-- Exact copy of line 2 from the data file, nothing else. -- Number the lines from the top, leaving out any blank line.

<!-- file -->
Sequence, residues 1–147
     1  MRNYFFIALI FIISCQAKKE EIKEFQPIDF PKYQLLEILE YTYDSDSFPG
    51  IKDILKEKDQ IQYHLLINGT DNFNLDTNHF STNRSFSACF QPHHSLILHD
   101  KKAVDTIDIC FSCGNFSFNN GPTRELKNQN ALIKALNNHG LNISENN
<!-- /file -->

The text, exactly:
     1  MRNYFFIALI FIISCQAKKE EIKEFQPIDF PKYQLLEILE YTYDSDSFPG